A fitness tracker can monitor your heart rate, the number of steps you take, the number of flights of stairs you climb, and the number of calories you burn. It can also count the number of steps you take. Along with a great number of other things, it is able to measure the length of time that you spend sleeping. And all of this information is safely kept on both your mobile device and on the cloud. These nifty little gadgets are really difficult to refuse once you see them.
However, have you ever wondered what the manufacturers of these devices do with all of this data? Aside from periodically presenting us with a de-identified study on our activity levels or the patterns of our sleep, In the case of Fitbit, however, it is being utilized to aid in the research being conducted by medical professionals and researchers into the ways in which physical activity might assist patients in combating illnesses, including cancer.
The researchers’ intense interest in this data stems from a few straightforward motivations. There is a large quantity of it, and all that the people taking part in the clinical studies need to do in order to collect it is wear the fitness tracker and go about their normal routine.
According to the findings of a study that was published not too long ago in the Journal of the Federation of American Societies for Experimental Biology, the Fitbit is by far the device that is utilized the most frequently for such objectives. In point of fact, more than four out of five clinical trials that employ the utilization of consumer activity monitors utilize said gadgets as their preferred method of data collection. More than 450 research papers have been published by academics using Fitbit data since the year 2012. This covers everything from the use of a fitness tracker in the management of diabetes to the ways in which exercise might be beneficial during treatment for cancer.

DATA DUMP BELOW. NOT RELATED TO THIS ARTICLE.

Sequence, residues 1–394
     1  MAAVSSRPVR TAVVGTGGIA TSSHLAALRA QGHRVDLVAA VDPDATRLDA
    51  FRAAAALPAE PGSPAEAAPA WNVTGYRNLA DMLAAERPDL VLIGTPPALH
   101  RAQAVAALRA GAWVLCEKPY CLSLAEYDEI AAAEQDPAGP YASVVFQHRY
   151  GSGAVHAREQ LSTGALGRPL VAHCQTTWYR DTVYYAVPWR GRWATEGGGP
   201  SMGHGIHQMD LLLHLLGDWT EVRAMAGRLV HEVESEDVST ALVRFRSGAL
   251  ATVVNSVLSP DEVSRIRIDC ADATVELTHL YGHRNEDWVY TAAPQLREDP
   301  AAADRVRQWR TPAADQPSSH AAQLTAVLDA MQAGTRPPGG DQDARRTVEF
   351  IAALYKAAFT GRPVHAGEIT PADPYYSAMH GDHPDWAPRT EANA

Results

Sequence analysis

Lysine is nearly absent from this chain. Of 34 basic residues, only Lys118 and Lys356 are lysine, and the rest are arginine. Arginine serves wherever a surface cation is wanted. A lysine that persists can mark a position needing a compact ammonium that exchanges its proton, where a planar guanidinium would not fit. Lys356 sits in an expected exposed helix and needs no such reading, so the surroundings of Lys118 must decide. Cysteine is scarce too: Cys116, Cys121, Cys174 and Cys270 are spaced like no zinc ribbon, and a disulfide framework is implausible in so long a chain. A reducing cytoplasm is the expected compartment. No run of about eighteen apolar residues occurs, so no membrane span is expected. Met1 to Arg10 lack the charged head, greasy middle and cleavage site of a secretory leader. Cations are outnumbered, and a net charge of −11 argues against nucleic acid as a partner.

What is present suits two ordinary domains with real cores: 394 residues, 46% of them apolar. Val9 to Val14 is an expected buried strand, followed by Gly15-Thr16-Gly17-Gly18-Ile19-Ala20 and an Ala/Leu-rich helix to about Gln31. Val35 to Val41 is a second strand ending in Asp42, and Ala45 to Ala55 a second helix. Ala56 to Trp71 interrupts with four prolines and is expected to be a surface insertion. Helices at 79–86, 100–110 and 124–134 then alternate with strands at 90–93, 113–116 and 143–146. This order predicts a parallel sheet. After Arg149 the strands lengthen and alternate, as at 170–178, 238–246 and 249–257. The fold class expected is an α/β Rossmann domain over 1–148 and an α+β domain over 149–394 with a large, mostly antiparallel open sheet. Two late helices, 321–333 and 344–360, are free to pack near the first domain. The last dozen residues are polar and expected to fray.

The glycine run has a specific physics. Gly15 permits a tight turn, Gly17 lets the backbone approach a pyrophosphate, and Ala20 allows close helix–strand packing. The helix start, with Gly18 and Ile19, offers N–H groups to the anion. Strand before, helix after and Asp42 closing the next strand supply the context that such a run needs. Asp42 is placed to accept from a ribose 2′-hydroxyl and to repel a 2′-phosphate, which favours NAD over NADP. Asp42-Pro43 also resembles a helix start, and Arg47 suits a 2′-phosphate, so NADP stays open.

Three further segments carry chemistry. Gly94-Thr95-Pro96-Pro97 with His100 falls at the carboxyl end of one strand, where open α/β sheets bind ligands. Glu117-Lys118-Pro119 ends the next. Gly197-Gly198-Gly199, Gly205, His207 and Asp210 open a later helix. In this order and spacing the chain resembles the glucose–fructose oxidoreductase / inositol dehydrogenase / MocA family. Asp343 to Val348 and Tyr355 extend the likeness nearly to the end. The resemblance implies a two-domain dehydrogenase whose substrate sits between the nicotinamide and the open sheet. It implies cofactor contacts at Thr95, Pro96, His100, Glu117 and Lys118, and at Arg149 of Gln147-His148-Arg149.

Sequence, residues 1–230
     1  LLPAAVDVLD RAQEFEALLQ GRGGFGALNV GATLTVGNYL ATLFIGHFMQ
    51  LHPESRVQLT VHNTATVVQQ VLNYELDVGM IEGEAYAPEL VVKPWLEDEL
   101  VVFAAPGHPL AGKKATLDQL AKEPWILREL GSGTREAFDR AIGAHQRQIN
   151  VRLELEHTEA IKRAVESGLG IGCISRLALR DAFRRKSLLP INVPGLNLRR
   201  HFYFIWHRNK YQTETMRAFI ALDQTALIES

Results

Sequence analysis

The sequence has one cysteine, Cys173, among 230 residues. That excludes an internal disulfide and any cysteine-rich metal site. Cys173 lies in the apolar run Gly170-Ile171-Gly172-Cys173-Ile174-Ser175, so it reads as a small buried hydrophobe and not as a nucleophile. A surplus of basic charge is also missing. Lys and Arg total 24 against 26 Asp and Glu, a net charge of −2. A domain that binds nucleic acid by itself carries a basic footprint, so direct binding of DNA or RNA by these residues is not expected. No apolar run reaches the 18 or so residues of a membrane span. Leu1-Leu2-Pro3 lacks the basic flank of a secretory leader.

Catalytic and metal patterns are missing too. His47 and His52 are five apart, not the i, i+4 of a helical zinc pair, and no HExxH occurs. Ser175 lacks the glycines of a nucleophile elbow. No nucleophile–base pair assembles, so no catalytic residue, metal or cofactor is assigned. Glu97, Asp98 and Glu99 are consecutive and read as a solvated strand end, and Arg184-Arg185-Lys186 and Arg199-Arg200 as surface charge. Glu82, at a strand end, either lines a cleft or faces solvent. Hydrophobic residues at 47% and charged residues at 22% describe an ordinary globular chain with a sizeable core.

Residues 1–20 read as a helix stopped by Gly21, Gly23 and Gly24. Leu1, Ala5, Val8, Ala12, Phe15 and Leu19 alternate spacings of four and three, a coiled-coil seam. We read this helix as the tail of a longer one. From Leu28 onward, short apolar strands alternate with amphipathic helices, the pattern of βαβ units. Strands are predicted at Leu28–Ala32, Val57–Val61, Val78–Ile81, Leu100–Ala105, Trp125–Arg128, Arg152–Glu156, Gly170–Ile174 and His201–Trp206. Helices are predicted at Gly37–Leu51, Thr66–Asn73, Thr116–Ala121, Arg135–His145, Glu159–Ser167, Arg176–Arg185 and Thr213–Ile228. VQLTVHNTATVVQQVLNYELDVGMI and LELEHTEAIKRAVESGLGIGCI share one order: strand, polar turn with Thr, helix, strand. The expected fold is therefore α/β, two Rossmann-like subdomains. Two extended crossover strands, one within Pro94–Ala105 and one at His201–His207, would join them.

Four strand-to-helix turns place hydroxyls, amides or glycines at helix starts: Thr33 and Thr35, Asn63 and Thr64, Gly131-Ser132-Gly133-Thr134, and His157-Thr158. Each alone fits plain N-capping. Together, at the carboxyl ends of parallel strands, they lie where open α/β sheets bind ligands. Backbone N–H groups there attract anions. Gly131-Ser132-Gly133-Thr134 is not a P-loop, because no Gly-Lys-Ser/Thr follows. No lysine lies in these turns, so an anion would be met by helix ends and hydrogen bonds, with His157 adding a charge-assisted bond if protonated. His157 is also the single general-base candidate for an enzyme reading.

For instance, a recent study conducted at the University of California, San Diego made use of data from Fitbit to determine that breast cancer survivors who engaged in regular physical activity experienced significant improvements in their brain function. A further investigation carried out by the University of Pittsburgh Cancer Institute discovered a correlation between the number of steps cancer patients took and their likelihood of requiring readmission following surgical treatment. It has been found that the more active a person is during their recovery process, the lower the likelihood that they will need to return to the hospital.
The information provided by fitness trackers is obviously not perfect, and the majority of consumer-grade devices do not seek approval from the FDA. Scientists approach these kinds of trials with extreme caution because these devices have not been validated for use in the medical field. However, clinical-grade trackers that can be worn are becoming increasingly popular. These devices go beyond measuring simple physical activity and instead monitor more complex behaviors.
James Park, CEO of Fitbit, gave a keynote address at IFA last month, and he made a big show of the company’s future plans and the increasingly important role that such devices will play in our health and fitness. He said that Fitbit is working on a smartwatch that will track our heart rates and steps. He mentioned that he has high hopes that the first smartwatch produced by the business will be able to detect atrial fibrillation. According to the results of their tests, Ionic was apparently accurate in recognising the condition 98 percent of the time.
Back in 2009, Fitbit introduced the world to its very first pedometer. Since then, both fitness trackers and smartwatches have undergone significant development. Even though the watch-like gadget that you wear on your wrist is not likely to be able to treat cancer, it does provide helpful information to oncologists and other medical professionals.